ERIC Number: ED368399
Record Type: RIE
Publication Date: 1994
The Expansion of Two-Year Colleges: Tests of Institutional and Political Economy Theories in a Dynamic Model.
Blau, Judith R.; And Others
Traditional theoretical explanations for the rate of expansion of educational institutions have included the "organizational ecology" model of new foundings as a function of population density, the "institutional theory" argument that foundings are responsive to societal/consumer demand, and theories of political economy which describe foundings as products of capitalist interests and expansion. To test predictions from each of these theories, an analysis was conducted of two-year colleges between 1942 and 1979, a period which represented the most rapid expansion of the colleges. Founding dates of two-year institutions in 28 states were identified; the number of other postsecondary institutions in the states was determined; and state populations, per capita incomes, election data, and other variables were determined from U.S. census data. Study findings included the following: (1) analyses of population changes indicated that new foundings usually accompanied population growth, though for two states the opposite was true; (2) state affluence, as measured by per capita income, was directly related to increased foundings; (3) the existence of both large manufacturing sectors and diverse industrial sectors increased foundings, indicating that these interests translated their need for trained labor into educational policies; and (4) in general, the expansion of two-year colleges was not the direct expression of demand, but the success of the manufacturing sector to organize in the presence of large numbers of young adults. Contains 45 references, definitions of terms, and data tables. (KP)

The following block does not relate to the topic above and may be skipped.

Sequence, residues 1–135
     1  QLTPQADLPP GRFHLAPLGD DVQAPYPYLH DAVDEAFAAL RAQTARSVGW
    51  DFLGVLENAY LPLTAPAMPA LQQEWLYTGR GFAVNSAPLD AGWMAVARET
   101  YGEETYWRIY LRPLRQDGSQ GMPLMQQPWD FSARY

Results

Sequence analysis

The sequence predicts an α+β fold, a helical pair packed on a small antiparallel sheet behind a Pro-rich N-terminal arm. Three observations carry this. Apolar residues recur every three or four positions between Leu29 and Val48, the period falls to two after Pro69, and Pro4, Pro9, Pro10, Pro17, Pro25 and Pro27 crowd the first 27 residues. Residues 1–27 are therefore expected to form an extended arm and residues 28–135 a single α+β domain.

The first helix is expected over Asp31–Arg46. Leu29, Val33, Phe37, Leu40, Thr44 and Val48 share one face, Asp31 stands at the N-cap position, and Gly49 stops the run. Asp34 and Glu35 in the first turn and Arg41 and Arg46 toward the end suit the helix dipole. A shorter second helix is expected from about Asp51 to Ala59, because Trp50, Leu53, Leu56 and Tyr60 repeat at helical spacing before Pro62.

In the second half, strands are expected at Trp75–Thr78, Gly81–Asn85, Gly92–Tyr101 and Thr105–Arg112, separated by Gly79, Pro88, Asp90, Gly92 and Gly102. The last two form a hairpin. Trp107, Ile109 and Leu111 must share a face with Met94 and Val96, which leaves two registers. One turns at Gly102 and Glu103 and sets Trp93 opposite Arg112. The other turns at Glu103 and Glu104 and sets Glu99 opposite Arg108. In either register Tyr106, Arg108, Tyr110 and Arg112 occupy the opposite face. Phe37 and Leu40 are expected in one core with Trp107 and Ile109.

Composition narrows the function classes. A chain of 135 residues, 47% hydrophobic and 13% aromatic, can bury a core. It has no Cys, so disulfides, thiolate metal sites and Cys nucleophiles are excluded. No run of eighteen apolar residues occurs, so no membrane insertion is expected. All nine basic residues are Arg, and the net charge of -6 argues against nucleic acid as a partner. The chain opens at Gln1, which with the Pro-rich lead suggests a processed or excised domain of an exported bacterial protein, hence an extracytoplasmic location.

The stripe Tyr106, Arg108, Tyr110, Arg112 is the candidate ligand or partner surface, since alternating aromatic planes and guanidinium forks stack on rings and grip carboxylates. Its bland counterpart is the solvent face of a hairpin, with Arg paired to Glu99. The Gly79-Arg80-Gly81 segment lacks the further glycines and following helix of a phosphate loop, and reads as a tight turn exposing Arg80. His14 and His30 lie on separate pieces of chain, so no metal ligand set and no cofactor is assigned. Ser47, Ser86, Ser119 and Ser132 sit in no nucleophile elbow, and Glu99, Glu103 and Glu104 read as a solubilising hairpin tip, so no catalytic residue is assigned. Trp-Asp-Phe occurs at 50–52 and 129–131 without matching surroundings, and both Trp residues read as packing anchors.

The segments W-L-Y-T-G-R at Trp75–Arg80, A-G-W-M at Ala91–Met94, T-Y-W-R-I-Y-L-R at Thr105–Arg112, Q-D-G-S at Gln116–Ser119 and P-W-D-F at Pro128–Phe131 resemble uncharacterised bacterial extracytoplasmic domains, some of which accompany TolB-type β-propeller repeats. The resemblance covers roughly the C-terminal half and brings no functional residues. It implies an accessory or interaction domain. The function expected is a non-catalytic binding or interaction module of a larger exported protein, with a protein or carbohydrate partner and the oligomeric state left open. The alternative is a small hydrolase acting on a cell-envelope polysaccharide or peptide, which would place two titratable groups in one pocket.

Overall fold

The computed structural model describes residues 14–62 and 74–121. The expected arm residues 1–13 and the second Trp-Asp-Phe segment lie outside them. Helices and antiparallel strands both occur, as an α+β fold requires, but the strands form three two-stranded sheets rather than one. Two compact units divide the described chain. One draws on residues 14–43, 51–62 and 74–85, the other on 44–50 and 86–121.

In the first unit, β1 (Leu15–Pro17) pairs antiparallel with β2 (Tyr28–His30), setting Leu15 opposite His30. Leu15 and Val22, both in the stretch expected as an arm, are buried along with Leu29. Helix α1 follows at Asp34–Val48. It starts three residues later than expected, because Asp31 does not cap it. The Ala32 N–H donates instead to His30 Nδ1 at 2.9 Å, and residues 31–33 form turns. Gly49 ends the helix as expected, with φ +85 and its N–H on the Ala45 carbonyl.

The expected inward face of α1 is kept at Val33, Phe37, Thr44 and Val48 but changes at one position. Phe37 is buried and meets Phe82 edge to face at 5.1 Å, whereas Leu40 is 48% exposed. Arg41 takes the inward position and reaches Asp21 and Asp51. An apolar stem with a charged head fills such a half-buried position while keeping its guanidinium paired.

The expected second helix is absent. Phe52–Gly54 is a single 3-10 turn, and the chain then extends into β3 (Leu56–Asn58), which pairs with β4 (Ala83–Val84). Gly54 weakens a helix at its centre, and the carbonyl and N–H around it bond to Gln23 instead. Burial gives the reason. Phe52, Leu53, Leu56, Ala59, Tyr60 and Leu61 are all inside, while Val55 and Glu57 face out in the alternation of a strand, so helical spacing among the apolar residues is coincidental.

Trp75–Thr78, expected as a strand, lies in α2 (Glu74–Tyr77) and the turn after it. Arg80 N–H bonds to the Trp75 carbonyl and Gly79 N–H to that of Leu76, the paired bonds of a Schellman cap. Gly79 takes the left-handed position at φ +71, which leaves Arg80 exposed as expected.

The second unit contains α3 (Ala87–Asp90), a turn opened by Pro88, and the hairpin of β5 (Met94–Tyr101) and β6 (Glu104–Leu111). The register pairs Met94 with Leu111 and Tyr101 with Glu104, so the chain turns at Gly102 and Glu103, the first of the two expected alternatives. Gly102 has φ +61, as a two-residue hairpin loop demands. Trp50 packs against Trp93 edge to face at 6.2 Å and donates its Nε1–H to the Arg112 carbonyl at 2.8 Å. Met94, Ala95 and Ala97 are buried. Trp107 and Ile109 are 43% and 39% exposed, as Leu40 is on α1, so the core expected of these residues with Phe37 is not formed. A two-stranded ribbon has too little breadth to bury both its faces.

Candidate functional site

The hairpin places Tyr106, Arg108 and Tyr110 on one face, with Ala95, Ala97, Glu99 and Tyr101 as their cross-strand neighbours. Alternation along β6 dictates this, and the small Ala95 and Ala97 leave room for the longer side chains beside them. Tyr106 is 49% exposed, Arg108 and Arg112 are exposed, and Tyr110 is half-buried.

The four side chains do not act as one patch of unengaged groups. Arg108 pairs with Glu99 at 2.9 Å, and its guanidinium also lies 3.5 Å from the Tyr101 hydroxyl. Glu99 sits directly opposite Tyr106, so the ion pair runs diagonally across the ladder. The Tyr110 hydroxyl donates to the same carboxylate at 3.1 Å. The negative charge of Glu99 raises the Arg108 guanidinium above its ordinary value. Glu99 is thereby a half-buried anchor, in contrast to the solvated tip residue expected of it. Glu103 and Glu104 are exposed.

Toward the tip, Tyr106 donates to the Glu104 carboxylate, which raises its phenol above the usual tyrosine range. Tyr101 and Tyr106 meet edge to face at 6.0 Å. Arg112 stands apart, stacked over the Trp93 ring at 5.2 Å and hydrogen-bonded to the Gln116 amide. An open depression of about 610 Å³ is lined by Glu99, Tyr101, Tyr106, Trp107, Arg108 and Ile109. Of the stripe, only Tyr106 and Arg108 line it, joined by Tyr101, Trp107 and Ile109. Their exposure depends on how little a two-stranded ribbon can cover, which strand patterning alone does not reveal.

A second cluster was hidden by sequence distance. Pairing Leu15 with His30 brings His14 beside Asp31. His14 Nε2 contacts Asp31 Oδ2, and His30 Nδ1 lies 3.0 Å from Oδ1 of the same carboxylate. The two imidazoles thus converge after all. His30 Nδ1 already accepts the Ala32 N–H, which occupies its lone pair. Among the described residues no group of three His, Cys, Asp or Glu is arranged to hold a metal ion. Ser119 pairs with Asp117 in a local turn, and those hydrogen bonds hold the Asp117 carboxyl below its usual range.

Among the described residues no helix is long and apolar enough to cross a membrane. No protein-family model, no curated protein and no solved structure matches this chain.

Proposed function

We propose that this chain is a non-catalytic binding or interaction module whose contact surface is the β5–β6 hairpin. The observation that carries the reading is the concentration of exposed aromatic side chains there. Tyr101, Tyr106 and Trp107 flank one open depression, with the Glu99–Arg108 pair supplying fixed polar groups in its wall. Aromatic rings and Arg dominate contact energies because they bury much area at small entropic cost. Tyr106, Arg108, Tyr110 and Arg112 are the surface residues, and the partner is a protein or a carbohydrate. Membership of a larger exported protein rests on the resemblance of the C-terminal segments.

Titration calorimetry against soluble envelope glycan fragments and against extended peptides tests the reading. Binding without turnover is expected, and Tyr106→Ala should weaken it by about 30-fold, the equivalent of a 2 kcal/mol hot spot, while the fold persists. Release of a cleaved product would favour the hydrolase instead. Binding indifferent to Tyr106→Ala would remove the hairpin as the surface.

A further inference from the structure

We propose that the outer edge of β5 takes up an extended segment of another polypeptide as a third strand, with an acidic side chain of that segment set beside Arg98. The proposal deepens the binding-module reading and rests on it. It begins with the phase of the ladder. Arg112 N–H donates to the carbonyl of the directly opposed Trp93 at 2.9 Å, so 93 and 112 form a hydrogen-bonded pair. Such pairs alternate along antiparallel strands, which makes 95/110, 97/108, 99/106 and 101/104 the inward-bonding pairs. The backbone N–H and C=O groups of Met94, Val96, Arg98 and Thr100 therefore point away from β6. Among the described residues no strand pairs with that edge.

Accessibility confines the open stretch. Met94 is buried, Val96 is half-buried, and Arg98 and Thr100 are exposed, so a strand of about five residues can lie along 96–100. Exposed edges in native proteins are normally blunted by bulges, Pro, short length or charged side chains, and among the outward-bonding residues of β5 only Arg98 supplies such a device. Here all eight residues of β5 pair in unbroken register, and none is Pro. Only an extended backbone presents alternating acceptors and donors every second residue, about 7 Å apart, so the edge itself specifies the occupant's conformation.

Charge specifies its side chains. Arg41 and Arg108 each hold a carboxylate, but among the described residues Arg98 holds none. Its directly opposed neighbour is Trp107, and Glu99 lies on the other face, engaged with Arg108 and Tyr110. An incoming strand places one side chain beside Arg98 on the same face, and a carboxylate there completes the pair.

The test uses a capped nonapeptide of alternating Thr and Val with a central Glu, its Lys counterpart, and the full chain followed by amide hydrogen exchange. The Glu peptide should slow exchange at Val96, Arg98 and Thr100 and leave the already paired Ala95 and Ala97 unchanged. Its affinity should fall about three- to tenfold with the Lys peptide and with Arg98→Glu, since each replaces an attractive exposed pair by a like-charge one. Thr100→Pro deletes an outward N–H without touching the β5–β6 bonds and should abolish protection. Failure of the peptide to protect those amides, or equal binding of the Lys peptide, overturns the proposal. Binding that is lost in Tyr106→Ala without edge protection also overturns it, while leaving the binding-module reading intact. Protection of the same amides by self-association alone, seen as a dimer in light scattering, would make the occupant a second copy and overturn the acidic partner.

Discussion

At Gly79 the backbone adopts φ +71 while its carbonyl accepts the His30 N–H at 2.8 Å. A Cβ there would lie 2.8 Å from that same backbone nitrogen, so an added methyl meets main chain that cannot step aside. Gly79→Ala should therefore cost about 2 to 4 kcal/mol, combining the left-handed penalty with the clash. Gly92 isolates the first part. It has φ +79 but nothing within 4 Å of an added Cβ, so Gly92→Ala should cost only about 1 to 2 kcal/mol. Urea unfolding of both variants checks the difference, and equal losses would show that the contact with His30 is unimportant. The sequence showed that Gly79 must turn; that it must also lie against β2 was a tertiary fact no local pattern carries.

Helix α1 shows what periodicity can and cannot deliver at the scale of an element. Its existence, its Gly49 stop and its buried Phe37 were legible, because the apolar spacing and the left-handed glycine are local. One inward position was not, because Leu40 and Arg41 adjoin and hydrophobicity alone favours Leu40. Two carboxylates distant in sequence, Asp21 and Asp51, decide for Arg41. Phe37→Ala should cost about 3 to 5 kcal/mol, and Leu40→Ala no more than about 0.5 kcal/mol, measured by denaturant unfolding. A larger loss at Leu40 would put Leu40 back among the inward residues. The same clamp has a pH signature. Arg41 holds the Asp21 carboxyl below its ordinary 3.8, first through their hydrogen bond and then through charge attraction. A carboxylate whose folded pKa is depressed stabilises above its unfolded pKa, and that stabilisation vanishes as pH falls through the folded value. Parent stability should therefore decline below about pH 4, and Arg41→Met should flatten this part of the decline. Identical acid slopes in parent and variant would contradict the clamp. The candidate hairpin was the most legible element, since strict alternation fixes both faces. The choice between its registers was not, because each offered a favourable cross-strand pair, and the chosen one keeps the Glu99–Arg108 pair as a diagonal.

Publication Type: Reports - Research
Education Level: N/A
Sponsor: Andrew W. Mellon Foundation, New York, NY.; National Science Foundation, Washington, DC.
Authoring Institution: N/A